Philip Takes on Top Role at the V&A Dundee

5 December 2018 16:38
Philip Long, Director of the V&A, Dundee

Helping to hang new shows at the on-campus Scott Gallery as an undergraduate Philip Long (Visual Arts,1987, Pendle) felt the buzz of the current art scene, but had no idea that he was laying the foundations for a high-flying career in museums and art galleries.

Now Director of the newly-opened £80m V&A Dundee, Scotland’s first design museum, and the first V&A in the world outside London, Philip Long greatly appreciates how the components of Lancaster's Visual Arts degree prepared him for his current role, with its requirement for academic knowledge alongside hands-on experience of creativity across a range of different art forms and techniques.

He says: “The undergraduate course at Lancaster involved both making and the study of other people’s work. As a curator you are showcasing people’s creativity and helping people to appreciate art more widely. The ability to both understand creativity and to scrutinise it academically is so valuable.”

The course offered a natural environment for creativity in his view and he particularly remembers helping with a show featuring huge drawings by the American artist RB Kitaj. “I had never seen anything like it before,“ he recalls. “The exhibition was absolutely inspirational and reminded us of why we were making art.”

After ten years of preparation for V&A Dundee to open, Philip is now the front man for the new museum, which has already been visited by 300,000. When making his university choices, however, Edinburgh-educated Philip considered architecture. He was already making art as a teenager and passionate about history and archaeology. What swung the balance in favour of Lancaster, was its practical and academic mix.

He arrived as a fresher to find his college was Pendle, where he soon felt part of a community and made friends, many of whom he is still in touch with today.

Being an art student was all-absorbing. When not making sculpture or painting, he and fellow students were sharing ideas and travelling to Manchester and London to see exhibitions, thanks to the University’s easy access to the transport network. He also spent time in the student union playing pool and joined the rock-climbing club to explore the nearby Lake District.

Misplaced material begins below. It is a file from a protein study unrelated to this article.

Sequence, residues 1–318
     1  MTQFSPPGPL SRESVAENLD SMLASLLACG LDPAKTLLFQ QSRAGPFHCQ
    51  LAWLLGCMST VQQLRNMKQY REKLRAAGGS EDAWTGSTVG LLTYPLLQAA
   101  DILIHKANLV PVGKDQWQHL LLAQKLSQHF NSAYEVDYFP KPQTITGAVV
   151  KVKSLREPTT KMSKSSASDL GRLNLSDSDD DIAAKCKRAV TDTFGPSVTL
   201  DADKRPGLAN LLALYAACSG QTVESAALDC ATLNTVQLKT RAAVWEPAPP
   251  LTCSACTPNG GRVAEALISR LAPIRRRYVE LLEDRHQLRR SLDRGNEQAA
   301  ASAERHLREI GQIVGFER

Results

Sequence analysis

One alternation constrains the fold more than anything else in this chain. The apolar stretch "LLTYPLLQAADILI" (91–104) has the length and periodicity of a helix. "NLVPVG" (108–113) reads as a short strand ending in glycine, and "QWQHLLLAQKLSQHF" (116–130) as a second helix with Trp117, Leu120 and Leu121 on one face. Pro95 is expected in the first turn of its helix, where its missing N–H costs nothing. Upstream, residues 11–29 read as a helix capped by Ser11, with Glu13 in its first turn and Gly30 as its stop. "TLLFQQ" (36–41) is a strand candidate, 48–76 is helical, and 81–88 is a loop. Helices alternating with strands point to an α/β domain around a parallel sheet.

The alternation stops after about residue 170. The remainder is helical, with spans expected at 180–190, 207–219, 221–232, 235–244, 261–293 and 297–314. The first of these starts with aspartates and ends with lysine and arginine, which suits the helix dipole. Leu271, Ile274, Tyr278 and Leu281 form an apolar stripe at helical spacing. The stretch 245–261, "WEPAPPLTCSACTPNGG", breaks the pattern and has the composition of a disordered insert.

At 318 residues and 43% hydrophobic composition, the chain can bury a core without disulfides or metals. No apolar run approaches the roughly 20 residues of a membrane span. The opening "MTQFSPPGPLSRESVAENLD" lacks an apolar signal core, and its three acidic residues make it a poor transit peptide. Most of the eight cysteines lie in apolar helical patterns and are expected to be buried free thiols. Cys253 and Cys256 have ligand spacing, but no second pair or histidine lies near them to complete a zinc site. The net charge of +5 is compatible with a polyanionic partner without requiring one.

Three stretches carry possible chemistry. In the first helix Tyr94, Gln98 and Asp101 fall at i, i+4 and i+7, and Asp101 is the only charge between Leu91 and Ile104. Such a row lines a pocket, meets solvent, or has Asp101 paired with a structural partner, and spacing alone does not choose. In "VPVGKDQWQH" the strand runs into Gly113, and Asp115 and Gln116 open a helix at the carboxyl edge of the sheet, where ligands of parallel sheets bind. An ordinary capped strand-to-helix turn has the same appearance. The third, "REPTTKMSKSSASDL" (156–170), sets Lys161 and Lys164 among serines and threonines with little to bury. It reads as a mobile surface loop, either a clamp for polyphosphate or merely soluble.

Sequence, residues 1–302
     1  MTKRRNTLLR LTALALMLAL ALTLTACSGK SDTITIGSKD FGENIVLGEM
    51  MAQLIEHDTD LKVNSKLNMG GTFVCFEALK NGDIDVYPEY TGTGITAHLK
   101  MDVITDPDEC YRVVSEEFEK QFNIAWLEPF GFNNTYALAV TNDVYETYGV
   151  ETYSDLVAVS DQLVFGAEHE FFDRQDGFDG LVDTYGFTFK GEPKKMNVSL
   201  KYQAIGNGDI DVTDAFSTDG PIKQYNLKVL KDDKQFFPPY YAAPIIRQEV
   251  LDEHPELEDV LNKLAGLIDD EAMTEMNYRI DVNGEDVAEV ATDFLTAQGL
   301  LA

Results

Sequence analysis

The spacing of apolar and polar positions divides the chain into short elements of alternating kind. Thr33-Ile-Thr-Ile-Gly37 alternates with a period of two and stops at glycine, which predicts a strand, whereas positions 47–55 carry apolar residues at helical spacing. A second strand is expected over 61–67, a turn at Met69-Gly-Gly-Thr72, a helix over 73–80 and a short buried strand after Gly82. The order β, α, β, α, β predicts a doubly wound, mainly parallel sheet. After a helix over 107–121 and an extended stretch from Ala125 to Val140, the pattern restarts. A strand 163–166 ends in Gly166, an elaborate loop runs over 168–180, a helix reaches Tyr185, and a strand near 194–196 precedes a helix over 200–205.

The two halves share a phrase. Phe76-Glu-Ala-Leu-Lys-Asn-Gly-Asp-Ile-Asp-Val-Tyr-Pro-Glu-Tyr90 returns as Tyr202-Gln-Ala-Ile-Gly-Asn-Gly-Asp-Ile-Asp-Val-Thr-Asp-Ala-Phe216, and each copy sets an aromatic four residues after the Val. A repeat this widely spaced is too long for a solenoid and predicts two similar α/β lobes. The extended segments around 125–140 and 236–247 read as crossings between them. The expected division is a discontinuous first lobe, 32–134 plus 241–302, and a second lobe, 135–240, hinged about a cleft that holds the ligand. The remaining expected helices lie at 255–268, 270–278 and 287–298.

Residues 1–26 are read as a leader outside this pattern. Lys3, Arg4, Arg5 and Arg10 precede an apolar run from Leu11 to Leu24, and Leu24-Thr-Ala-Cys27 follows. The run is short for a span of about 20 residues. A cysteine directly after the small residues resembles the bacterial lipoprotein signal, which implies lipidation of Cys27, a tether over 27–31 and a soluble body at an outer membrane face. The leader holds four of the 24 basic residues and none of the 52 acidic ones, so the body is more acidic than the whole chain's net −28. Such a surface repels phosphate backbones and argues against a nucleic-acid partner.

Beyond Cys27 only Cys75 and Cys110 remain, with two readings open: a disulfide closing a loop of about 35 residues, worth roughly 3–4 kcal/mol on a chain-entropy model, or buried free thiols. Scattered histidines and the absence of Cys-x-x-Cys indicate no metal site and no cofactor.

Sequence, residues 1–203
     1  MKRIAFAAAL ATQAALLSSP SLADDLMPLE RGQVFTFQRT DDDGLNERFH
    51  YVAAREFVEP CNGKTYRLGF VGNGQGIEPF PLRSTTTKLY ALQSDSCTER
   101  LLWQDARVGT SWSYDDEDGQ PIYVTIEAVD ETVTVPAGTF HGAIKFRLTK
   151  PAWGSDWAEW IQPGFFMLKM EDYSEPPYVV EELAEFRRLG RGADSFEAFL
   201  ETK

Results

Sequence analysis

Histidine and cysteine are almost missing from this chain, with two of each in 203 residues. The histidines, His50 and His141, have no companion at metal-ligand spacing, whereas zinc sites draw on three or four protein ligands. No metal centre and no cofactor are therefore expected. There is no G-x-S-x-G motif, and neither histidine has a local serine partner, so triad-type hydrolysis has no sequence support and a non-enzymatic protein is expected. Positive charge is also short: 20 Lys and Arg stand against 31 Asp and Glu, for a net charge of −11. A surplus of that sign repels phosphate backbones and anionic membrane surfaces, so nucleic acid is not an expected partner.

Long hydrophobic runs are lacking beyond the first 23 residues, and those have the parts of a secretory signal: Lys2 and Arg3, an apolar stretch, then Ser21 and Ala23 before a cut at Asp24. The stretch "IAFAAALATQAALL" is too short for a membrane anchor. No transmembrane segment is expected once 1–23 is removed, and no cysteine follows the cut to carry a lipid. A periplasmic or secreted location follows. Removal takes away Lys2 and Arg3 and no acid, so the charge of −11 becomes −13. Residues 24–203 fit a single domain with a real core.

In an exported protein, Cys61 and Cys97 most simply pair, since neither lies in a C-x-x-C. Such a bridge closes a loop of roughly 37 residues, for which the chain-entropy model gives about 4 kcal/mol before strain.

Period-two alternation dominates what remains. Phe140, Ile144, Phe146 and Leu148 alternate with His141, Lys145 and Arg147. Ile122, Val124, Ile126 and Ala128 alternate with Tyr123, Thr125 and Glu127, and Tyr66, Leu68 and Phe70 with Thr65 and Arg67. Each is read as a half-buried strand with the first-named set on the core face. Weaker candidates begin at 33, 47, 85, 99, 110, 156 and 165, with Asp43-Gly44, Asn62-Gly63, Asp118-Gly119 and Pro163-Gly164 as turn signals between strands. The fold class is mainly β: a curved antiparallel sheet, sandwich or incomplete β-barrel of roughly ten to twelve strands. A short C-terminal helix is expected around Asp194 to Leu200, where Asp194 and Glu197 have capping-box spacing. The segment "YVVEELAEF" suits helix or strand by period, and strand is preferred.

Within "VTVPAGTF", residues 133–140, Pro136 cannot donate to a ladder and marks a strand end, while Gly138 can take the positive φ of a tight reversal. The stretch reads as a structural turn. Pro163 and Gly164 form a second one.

New ideas came at him from all directions. Particularly memorable was the teaching of Nigel Whiteley about design history and pop design. Philip was also influenced by the late Paul Hatton’s views on sculpture in which he specialised as a student. 

Now an acknowledged expert in Scottish art and design, Philip’s own degree show was a set of sculptures of figures - both human and animal - using a range of materials including paper and chunky pieces of wood, and a number of techniques to make them.

After graduation he went back home to Scotland to think about next steps. At first he questioned whether he should have concentrated more on a specific area of creative art practice, until he realised that his degree’s multi-disciplinary approach provided the perfect preparation for the broad requirements of museum and gallery work. He applied, and was accepted, to be part of the first intake of Essex University’s Master's in Museum and Galleries studies.

Following his Master's he became Assistant Director at The Fine Art Society. He was then taken on as a research assistant at the Scottish National Gallery of Modern Art, before being appointed Special Project Advisor to the Trustees of the National Galleries of Scotland for the development of a National Gallery of Scottish Art & Design.

From 2008 he both was both Project Manager for the National Galleries of Scotland and Senior Curator, Scottish National Gallery of Modern Art, until he became Director of the V&A Dundee in 2011.

This current role gives Philip huge satisfaction, as well as requiring a thick skin to survive the inevitable controversy, as critics debate the worth of this new museum presence on the UK’s art scene, with its eye-catching building by Japanese architect Kengo Kuma. One of his most enjoyable tasks as director is talking to students and sharing his experiences.”

He says “My undergraduate course at Lancaster had many components and the ability to balance them has been the foundation for my work at the National Gallery of Scotland and then for the delivery of a national project such as the V&A Dundee.”

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